I recommend ignoring the fancier aspects of Twitter until you’re been using it for a little while. Just start with the information above, then pick up other details later.  I have written other blog posts about different aspects of Twitter, such as “retweeting”, as well as information on some other types of Social Media, such as LinkedIn and blog writing. These blog posts are all found in Social Media for Farmers.

Basic-to-complicated information on how to use Twitter is also plastered all over the internet. Simply Google whatever specific information you’re after and you’ll find someone has written about how to do it –  abbreviation meanings, hashtag use, how to create lists, etc.  I have stuck to writing information specifically aimed at helping rural users of social media.

More than one twitter account:

I recommend starting with one twitter account, and only then thinking about opening a second account only once you’ve got into the swing of running the first one.

Why have a second twitter account?

It’s a good idea if you have disparate interests. For example, I run a local/parochial (North Queensland) focussed twitter account, @TownsvilleNQ;  as well as my main “global agriculture” focussed twitter account; @FionaLakeAus.  Very few twitter followers of one of these accounts, would be interested in following the other account.  It just helps make sure I’m not boring someone senseless with stuff irrelevant to them.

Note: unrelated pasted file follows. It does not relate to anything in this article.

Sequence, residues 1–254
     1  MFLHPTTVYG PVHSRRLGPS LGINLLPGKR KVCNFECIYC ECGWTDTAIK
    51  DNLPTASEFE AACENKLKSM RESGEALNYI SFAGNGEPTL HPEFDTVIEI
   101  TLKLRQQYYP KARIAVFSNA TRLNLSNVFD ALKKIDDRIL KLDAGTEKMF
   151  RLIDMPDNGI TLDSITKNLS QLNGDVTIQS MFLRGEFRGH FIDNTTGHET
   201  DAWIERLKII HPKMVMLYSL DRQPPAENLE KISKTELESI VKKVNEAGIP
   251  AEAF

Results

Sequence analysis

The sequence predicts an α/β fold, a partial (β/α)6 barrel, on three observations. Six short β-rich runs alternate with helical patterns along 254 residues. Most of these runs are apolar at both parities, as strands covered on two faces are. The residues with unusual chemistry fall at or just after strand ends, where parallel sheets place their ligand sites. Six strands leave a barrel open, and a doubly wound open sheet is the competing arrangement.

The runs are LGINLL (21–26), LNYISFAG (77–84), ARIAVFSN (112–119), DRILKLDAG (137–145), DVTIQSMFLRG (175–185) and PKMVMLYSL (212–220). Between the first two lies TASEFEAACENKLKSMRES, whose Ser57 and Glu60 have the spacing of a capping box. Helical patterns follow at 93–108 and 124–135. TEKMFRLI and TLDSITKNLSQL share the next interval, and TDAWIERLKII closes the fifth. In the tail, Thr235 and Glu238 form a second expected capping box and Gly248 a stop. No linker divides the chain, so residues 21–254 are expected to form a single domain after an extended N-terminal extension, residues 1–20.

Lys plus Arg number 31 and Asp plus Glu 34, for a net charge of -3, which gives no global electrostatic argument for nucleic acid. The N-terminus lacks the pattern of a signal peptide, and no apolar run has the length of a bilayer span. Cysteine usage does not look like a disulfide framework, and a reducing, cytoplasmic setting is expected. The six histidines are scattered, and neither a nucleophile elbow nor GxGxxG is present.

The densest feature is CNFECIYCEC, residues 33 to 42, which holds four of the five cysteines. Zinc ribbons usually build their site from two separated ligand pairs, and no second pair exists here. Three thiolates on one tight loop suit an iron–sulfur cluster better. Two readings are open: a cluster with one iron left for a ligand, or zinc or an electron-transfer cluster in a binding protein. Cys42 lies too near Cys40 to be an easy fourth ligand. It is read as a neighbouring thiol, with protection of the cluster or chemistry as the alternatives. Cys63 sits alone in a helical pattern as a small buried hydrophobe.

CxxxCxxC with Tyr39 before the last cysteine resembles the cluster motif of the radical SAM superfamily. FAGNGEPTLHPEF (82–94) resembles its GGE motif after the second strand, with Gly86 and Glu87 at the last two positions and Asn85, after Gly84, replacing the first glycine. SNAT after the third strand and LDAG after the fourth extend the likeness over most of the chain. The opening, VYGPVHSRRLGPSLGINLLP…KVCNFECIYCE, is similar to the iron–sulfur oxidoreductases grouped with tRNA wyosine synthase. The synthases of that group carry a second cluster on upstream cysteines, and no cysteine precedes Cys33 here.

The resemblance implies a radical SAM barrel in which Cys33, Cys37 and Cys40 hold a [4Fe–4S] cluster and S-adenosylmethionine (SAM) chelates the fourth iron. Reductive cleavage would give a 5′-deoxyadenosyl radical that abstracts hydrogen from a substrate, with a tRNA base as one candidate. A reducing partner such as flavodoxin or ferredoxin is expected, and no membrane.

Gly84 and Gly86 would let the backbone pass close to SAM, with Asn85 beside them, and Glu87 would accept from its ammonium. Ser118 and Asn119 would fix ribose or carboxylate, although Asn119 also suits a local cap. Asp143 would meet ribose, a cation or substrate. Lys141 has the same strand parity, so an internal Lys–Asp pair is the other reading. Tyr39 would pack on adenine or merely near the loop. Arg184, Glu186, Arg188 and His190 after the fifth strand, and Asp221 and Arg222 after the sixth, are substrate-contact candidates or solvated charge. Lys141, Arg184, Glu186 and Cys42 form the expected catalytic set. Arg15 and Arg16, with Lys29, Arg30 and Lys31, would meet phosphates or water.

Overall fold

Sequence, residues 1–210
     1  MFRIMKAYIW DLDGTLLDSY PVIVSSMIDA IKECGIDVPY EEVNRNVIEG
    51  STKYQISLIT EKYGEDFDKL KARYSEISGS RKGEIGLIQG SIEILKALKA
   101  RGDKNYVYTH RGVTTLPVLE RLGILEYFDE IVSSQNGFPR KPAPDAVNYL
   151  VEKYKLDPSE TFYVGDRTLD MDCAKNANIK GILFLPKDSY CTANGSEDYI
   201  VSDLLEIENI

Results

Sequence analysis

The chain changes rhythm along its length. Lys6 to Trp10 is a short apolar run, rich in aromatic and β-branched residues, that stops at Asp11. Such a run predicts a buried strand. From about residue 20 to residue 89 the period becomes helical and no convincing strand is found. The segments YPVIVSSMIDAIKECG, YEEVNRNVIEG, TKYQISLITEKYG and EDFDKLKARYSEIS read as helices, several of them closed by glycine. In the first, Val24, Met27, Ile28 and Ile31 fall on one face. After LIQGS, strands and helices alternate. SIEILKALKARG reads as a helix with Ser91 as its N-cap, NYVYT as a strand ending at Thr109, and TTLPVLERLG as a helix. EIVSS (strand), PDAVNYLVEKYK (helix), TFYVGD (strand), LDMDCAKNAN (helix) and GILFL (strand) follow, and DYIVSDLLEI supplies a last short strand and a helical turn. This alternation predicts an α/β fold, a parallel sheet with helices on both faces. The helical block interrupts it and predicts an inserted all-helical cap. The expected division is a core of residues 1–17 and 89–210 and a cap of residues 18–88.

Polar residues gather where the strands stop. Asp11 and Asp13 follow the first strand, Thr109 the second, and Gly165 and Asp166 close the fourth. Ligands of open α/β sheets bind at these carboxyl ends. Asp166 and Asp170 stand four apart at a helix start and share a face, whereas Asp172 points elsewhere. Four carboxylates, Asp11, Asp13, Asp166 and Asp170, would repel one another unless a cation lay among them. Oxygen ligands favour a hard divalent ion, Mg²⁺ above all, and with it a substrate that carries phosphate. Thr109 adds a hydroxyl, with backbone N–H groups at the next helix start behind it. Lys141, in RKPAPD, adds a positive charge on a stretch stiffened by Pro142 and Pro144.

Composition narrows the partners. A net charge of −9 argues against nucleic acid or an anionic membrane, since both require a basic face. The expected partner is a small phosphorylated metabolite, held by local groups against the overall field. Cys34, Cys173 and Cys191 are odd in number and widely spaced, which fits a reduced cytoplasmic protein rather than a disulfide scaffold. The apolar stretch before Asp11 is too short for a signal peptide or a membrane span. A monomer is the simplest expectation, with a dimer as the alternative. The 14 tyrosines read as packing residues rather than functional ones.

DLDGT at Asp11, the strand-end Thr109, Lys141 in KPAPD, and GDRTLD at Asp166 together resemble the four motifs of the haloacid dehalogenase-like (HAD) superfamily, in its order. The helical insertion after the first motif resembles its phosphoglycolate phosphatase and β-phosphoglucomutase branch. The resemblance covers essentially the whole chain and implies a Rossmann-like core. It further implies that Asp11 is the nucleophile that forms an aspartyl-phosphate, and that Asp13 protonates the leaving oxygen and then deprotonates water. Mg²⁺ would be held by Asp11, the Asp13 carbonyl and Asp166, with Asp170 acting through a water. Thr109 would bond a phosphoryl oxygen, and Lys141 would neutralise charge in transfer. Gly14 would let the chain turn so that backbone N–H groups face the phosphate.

1. Twitter requires each twitter account to have a unique email address. AND
  2. You can only be logged into one twitter account at a time, per web browser.

The easiest way to get around the latter, is put both accounts into Hootsuite (more on that in a later twitter-related post).  And I’ll often have one twitter account logged on in Firefox and the other open in Google Chrome.  Regarding the necessity to use different email addresses: you can get around this by tweaking gmail account names (others have posted info online about how to do it). It’s easy and appears simple but I don’t recommend it.  Because if you don’t stick to the fine print, there is a chance that twitter or gmail will change their arrangements, and eeek then you have a potential headache with your twitter account that you’ve put time and effort into setting up.  Ultimately I prefer to avoid easily avoidable headaches!  It seems eminently more sensible to simply open more than one email account.

I also recommend NOT posting identically worded messages in two or more twitter accounts (except on rare occasions). Instead, you should keep top of mind the original reason for having more than one twitter account in the first place – because you’ve drafted up two sets of twitter followers, who have different interests.  If you do run more than one twitter account, make sure they are distinctly different, to avoid confusing people (or driving them nuts).  Otherwise, just stick to one account!

Other points to remember:

  • You can use Twitter on a computer or a smart phone (ie with internet access) or both.
  • Remember that Twitter is like LinkedIn – a very simple system. Both have occasional glitches and sometimes you wish both systems had a few extra features. But then they would become more complicated to use, and they may not remain free services.
  • Twitter’s search facility is unreliable.  Even if you have someone’s exact twitter account name, they won’t always show up if you search for them on twitter. Especially if they haven’t sent many recent tweets, or any at all.  It’s often easier to find people you know by searching with Google (eg ‘Fiona Lake on Twitter’).
  • Using Twitter via a (free) management system such as Hootsuite or Tweetdeck makes it so much easier (plenty of internet information online, regarding these free services).  A little more info on Twitter management  on this blog post.
  • It is a good idea to sort people you follow into twitter lists, right from the outset.